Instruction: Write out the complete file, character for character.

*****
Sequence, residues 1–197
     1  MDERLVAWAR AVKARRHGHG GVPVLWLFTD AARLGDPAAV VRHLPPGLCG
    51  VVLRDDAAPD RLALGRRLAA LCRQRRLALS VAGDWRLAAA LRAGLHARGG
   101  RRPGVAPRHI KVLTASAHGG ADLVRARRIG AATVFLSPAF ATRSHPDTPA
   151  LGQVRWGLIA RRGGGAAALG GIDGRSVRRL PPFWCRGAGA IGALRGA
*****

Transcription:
Sequence, residues 1–197
     1  MDERLVAWAR AVKARRHGHG GVPVLWLFTD AARLGDPAAV VRHLPPGLCG
    51  VVLRDDAAPD RLALGRRLAA LCRQRRLALS VAGDWRLAAA LRAGLHARGG
   101  RRPGVAPRHI KVLTASAHGG ADLVRARRIG AATVFLSPAF ATRSHPDTPA
   151  LGQVRWGLIA RRGGGAAALG GIDGRSVRRL PPFWCRGAGA IGALRGA